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Kopi Luwak Coffee: A Complex Process From Dung to Coffee Brew

The best way to explore a new city is by discovering its local food and drinks. An important part of local culture, Kopi Luwak coffee is found mainly in Indonesia. It is the most expensive coffee in the world at a price ranging from $500-1000 a kilogram.

Kopi Luwak coffee beans
(C) Flickr

If the outrageous price tag has you wondering if there is a gold-standard production process or any complex machinery in place for imparting such incomparable flavors to the humble coffee bean, then the answer is not what you would expect.

Kopi Luwak- A History Dating Back Centuries

It is also called Civet Coffee. People will usually come across the production mainly on the islands of Sumatra, Java, Bali, Sulawesi, etc. The origin of Kopi Luwak can be traced back to coffee production in Indonesia. Legend has it that Kopi Luwak was first discovered in Indonesia under the Dutch colonial rule. Dutch colonists built coffee plantations in Indonesia but imported coffee beans from Yemen.

However, Indonesian farmers in the 19th century collected, brewed coffee beans and started to drink coffee in their plantations.

Understanding the process

Kopi Luwak coffee beans

As far as the production process goes, it is fairly simple and begins with the shy, nocturnal, Indonesian mammal called civet or what is locally known as Luwak. Kopi Luwak is coffee that consists of partially digested coffee cherries that have been eaten and defecated by the Asian native civet. This is one of the reasons why Kopi Luwak price is very high.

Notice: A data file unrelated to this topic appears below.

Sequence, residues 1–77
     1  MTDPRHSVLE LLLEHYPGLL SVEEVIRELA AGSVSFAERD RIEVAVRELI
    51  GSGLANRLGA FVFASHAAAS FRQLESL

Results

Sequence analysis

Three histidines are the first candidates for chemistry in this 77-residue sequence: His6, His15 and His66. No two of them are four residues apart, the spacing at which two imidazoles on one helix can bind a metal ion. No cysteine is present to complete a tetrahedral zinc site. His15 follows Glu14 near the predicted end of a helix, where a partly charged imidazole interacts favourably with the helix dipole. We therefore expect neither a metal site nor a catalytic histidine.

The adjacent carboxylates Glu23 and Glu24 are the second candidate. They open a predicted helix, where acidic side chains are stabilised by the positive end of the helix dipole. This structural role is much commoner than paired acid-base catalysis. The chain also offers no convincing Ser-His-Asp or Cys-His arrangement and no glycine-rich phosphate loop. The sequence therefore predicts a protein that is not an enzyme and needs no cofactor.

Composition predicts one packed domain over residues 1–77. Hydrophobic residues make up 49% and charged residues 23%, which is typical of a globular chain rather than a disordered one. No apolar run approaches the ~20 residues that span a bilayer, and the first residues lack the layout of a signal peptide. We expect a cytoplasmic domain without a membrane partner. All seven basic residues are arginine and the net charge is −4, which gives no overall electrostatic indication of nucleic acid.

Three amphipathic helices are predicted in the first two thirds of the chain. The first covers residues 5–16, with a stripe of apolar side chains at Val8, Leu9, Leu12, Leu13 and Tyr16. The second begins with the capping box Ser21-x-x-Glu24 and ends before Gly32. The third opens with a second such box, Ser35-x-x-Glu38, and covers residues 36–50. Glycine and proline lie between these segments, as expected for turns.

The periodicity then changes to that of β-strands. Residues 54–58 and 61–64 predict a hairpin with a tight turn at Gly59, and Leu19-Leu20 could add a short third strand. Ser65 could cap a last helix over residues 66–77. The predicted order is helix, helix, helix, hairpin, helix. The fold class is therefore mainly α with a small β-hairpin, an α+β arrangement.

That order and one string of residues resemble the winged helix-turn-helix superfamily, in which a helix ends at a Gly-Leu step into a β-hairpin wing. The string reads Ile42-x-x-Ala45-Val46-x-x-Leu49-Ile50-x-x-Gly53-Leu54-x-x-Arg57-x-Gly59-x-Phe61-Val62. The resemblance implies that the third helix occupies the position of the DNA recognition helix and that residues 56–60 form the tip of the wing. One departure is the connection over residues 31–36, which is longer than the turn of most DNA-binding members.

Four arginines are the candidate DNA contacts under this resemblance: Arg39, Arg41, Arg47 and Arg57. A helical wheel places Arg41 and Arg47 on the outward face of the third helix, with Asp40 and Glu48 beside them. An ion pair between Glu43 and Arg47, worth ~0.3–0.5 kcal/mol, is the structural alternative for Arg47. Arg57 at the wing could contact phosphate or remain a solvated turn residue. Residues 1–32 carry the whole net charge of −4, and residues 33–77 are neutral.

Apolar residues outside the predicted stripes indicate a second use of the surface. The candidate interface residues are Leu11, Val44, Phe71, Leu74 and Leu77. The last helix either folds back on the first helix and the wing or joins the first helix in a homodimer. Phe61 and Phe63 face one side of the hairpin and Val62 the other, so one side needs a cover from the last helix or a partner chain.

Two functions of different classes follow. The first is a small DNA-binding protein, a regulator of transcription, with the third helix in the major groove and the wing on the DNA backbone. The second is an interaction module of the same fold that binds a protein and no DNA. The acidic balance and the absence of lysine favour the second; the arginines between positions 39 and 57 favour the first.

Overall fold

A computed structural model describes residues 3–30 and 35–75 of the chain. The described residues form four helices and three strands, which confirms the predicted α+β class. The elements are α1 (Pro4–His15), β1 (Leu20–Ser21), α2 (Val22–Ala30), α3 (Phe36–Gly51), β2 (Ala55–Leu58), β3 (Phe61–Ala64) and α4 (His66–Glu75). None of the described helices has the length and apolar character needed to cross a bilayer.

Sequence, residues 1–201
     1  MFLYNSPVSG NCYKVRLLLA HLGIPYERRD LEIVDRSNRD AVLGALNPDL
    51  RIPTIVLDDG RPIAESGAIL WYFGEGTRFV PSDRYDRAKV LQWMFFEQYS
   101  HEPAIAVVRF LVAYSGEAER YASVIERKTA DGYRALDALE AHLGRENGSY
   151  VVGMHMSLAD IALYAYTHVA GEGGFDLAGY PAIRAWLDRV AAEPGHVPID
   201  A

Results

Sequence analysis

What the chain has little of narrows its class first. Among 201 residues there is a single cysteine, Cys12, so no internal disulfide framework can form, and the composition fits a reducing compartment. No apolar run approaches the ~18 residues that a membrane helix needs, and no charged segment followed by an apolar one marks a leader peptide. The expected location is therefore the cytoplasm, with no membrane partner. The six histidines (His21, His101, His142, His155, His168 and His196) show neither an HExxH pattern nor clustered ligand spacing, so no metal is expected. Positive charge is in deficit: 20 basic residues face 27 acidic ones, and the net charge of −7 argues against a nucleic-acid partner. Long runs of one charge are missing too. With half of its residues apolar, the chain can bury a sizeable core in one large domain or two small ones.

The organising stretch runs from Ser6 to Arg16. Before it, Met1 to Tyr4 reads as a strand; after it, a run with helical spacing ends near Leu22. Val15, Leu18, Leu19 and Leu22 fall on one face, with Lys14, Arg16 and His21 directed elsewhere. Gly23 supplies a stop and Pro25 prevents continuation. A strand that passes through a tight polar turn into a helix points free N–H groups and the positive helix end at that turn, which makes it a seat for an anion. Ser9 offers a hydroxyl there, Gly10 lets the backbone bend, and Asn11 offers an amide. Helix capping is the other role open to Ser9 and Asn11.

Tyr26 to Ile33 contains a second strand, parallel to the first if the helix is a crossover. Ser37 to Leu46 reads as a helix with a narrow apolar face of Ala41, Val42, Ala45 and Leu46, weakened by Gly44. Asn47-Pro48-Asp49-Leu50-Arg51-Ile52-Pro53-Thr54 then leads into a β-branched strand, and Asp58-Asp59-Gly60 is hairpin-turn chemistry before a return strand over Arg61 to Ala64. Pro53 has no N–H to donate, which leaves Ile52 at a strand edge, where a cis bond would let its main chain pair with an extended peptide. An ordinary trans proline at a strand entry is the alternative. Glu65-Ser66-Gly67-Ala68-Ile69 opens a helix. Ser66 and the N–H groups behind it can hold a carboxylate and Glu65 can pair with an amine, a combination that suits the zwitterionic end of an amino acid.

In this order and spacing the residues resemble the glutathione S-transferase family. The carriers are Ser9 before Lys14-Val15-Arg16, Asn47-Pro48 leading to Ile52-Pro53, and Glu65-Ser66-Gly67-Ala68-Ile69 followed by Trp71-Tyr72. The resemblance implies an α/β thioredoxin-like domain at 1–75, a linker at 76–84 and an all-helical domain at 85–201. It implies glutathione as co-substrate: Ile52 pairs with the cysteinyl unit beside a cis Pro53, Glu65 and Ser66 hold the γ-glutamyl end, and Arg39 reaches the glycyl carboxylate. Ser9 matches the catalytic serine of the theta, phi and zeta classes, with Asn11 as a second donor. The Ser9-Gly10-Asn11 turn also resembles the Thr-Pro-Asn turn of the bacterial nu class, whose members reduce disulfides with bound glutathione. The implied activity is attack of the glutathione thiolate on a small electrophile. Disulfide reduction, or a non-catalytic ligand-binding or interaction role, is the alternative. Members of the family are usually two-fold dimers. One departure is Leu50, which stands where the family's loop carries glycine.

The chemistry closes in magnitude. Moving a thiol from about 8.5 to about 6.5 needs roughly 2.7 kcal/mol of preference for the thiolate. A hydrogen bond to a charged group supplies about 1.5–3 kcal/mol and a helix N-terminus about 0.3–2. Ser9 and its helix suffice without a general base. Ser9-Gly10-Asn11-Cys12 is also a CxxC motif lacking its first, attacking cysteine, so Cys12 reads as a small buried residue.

But despite the popular misunderstanding, Kopi Luwak is not an actual type of coffee but more of a method of production.

Asian civet
(C) Wikimedia Commons

A discovery was made that the civet cat would eat the cherries and pass the seeds or the coffee beans without digesting them. Upon tasting them, it tasted better than the regular coffee at that time. The reason is simple enough- selective picking and thorough “washing”. The cat would naturally consistently eat only the ripe cherries and beans would also have the extra fruits bits stripped off by the enzymes during digestion resulting in well-processed beans from uniformly ripe coffee cherries.

Traditionally, the coffee beans excreted by the civet cat were directly picked up in forests and coffee plantations. As the demand for Kopi Luwak Coffee increased on a global stage, coffee producers resorted to the cage production methods which was ultimately thought to be quite controversial.

coffee beans
(C) Flickr

During that time, plantation workers and farmers who were forbidden from harvesting coffee for their use were left to wash, dry, pound, and roast this collected poop before turning the defecated beans into a beautiful cup of coffee. This is why Kopi Luwak Coffee price is very high in the market.

A Controversial and Cruel Practice

Source: Wikipedia

In order to increase the production line, civet cats are often kept in cramped, wire cages. Over there, they are fed coffee beans incessantly before having its excrement scooped out of the cage. The same cruel process is repeated the next day. The situation painted a very grim picture in terms of animal welfare.